With the type of social relationships (general and academic), the data showed an OR = 2.062, 95% CI (1.402–3.032), p < 0.001. Therefore, those whose social relationships were characterized by “nonexistence/indifference” risk suffering suicidal ideation twice as high as those with satisfactory relationships.
Bullying, one of the main scourges of society and the educational system [70], is also a predictive variable of suicidal ideation. Those who report having suffered bullying in stages before university showed an OR = 2.602, IC 95% (1.942–3.488), p < 0.001; that is, they had 2.6 times greater risk of suffering suicidal ideation than those who had not suffered it.
Health status was another of the predictive variables that showed a greater risk of suffering suicidal ideation in three of its categories: “fair”, “bad”, and “very bad”. Concerning the subjective assessment of “fair” health, it presents an OR = 22.867, IC 95% (6.845–76.397), p < 0.001. In the case of the subjective assessment of “bad”, it presented an OR = 6.918, IC 95% (3.622–13.213), p < 0.001. Finally, within this variable, the subjective evaluation of “very bad” showed an OR = 2.513, IC 95% (1.363–4.633), p = 0.003. Therefore, those who considered their state of health to be “fair” were 22.8 times more likely to suffer suicidal ideation than those who thought their state of health to be very good; 6.7 times more likely in the case of people who rated their health as “bad”; and 2.5 times more likely in the case of people who rated their health as “very bad”. These data indicate that the fact that university students did not rate their health significantly negatively does not mean that it was not indicative of suicidal risk, i.e., the simple point of not considering their health “good” or “very good” was a predictive factor. In other words, students did not have to be in very poor health to be at increased suicidal risk, as the “fair” health status data show.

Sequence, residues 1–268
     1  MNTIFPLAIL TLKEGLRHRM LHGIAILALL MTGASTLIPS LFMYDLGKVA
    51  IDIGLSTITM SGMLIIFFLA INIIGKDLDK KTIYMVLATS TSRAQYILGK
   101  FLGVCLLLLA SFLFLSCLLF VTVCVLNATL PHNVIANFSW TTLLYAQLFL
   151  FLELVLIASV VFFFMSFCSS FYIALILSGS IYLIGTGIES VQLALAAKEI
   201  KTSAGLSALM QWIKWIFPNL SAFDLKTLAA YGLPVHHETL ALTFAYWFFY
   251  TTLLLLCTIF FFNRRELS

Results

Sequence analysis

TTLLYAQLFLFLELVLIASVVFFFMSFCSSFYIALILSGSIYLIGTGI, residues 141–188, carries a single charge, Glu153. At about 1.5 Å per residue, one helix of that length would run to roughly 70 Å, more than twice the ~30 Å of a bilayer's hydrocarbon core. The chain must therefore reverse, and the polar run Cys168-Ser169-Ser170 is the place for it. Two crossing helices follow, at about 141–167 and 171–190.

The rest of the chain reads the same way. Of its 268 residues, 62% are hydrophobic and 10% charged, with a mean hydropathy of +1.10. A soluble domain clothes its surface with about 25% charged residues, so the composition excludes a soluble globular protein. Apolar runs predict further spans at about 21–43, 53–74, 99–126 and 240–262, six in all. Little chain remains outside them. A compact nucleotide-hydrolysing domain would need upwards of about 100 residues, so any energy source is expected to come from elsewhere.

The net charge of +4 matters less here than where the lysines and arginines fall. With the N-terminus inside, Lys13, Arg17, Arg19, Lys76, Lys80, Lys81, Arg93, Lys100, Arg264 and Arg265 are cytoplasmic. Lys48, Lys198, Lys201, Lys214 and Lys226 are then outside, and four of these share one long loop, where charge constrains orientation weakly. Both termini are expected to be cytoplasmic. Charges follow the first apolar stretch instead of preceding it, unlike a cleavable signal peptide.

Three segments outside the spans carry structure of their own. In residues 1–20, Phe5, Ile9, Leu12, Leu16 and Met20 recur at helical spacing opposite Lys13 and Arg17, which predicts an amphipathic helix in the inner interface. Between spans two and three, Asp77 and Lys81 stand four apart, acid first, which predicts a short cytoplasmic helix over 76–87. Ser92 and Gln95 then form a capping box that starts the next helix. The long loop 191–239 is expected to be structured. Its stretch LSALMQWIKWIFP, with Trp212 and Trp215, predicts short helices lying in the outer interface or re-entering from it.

In the case of “if taking antidepressant medication: for more than 2 months”, it presented an OR = 6.418, IC 95% (3.329–12.372), p < 0.001. Therefore, people who maintained over time an antidepressant medication had a risk of suicidal ideation up to 6.4 times higher than people who “do not take antidepressant medication”. At this point, it should also be noted that taking antidepressant medication for less than 2 months did not appear as a predictor variable, an aspect that indicates the relevance of the chronicity of antidepressant treatment in suicidal risk.